Too many patients die alone on understaffed wards, say nurses

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Patients are dying alone in NHS hospitals because there are too few staff to care for them, according to a new report.

A survey of more than 30,000 nurses found many feeling stressed and burnt out, with a quarter saying they care for 14 patients or more at a time.

Nurses described sobbing at the end of shifts, patients being left to die alone when they have no family, and said managing patients was like “spinning plates”.

One nurse said: “Patient care is seriously compromised when there are not enough staff. Patients at the end of life have no-one to sit with them. It is very upsetting when they have no family. Too many patients are dying alone.”

Another said: “Being unable to attend to a dying patient as quickly as they need is soul-destroying.”

The report, from the Royal College of Nursing (RCN), is mainly based on UK nurses’ experience of their last shift.

Some 58 per cent in Yorkshire and the Humber said there was a shortfall in planned staffing of one or more registered nurses on their last shift, while 41 per cent of shifts were short of one or more healthcare support workers.

One in five nurses on a shift are temporary agency staff, while 36 per cent of all nurses said essential patient care is left undone due to a lack of time.

This includes staff being unable to give medicines to patients on time, not having time to adequately manage patient pain or brush their teeth, and not enough time to complete records or give comfort.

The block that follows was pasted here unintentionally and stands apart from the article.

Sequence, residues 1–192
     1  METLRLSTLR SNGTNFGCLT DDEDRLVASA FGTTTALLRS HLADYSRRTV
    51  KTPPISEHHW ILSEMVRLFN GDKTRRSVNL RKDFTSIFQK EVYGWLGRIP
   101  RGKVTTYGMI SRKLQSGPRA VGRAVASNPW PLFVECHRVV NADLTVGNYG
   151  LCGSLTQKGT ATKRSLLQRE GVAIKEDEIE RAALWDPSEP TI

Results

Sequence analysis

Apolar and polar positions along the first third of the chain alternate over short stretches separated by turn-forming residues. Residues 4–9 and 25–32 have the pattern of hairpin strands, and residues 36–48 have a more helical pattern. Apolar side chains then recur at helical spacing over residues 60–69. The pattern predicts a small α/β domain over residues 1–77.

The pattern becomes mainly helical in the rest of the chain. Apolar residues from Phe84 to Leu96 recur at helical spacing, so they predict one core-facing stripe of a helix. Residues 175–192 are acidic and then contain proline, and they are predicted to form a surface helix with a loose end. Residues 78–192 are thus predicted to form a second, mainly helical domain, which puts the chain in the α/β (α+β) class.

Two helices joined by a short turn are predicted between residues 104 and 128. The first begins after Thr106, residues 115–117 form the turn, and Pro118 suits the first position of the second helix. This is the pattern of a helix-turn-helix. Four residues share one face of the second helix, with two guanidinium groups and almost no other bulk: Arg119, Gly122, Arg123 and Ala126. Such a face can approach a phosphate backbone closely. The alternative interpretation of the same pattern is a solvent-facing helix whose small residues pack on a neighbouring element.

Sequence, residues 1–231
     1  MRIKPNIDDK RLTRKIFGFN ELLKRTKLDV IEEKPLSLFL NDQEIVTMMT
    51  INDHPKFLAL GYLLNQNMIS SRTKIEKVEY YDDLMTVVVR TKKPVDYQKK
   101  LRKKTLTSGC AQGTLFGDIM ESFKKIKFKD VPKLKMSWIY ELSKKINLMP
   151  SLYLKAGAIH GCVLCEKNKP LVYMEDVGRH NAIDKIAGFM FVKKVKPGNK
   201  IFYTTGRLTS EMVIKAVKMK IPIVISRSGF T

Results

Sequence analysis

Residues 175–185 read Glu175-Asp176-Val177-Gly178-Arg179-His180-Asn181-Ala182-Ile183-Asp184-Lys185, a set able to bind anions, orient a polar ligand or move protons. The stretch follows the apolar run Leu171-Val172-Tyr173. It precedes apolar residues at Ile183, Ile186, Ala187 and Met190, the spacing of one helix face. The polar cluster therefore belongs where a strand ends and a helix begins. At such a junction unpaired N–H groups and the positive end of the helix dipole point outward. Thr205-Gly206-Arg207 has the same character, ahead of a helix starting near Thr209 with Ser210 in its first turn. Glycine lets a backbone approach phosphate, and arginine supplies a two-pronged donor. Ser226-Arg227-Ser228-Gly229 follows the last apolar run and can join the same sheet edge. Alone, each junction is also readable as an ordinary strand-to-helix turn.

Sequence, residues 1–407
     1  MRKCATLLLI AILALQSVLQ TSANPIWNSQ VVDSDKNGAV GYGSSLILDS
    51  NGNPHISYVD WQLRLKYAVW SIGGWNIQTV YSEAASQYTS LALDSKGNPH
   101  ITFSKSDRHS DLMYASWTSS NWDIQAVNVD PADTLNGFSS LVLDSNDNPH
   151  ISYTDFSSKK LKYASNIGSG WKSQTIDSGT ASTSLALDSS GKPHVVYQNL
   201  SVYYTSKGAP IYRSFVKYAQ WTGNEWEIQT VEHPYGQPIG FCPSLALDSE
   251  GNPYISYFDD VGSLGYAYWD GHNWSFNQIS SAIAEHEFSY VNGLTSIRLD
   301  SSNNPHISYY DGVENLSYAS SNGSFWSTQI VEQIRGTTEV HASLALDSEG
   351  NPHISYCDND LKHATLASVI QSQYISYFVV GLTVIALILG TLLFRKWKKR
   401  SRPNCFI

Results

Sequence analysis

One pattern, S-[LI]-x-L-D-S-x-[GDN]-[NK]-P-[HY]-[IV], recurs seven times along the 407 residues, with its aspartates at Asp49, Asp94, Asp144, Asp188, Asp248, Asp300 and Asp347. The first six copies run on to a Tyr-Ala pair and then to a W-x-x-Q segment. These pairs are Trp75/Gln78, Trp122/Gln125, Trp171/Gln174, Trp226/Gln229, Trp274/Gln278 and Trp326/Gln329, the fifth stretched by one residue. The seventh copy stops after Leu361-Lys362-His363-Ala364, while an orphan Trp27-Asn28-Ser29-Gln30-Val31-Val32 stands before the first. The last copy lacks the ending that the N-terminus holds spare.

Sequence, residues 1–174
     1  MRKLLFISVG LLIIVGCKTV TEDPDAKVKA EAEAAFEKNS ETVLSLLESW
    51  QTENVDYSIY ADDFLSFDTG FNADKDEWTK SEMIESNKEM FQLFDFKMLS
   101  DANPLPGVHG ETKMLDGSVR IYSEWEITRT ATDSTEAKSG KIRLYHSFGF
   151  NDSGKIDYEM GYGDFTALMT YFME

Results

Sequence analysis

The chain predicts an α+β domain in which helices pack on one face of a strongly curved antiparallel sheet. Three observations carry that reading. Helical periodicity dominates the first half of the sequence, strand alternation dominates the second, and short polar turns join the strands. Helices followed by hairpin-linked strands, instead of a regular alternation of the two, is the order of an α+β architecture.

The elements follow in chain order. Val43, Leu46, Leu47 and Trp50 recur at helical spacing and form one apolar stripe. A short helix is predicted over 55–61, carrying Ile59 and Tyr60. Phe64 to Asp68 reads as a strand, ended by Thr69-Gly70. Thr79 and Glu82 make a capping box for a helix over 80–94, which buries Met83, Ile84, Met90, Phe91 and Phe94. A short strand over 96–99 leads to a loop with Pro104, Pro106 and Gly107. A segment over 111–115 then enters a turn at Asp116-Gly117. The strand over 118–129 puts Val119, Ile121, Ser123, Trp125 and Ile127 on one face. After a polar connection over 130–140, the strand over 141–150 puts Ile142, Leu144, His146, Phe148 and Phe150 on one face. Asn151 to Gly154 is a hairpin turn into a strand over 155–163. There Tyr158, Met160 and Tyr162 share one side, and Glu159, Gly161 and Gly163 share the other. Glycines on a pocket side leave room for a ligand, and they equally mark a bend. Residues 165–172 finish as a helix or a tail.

One in 10 nurses described the care on their last shift as poor, rising to 14 per cent of those working in A&E.

Furthermore, three-quarters of nurses worked an extra hour on average on top of their shift without pay.

One nurse said: “I feel like I’m spinning plates, except the plates are patients - that to me is the worst feeling. A feeling of having no control.

“Going from crisis to crisis continuously is so incredibly stressful. Frontline staff feel like they are working on a battlefield; we don’t know who to go to first.”

Another said: “I drove home from work sobbing today, knowing that the patients that I cared for did not get even a fraction of the level of care that I would consider “acceptable”.

“I would be devastated if my family or friends were in the hospital I work in, as there are just not enough staff to go around.”

The RCN is calling for new legislation across the UK that guarantees safe levels of staffing.

Janet Davies, chief executive of the RCN, said: “When this many professionals blow the whistle, they cannot be overlooked.

“The nursing shortage is biting hard and needs the attention of ministers - this warning comes from the very people they cannot afford to lose.

Rachel Power, chief executive of the Patients Association, added: “This situation must not be allowed to become catastrophic - but without decisive action soon, that will be the outcome.”

The Department of Health said over 52,000 nurses were in training. A statement added: “We are helping the NHS to make sure it has the right staff, in the right place, at the right time to provide safe care — that’s why there are over 29,600 more professionally qualified clinical staff including over 11,300 more nurses on our wards since May 2010. We have also committed to funding an extra 10,000 places for nurses, midwives and allied health professionals by 2020, to ensure the NHS has the staff it needs both now and in the future.”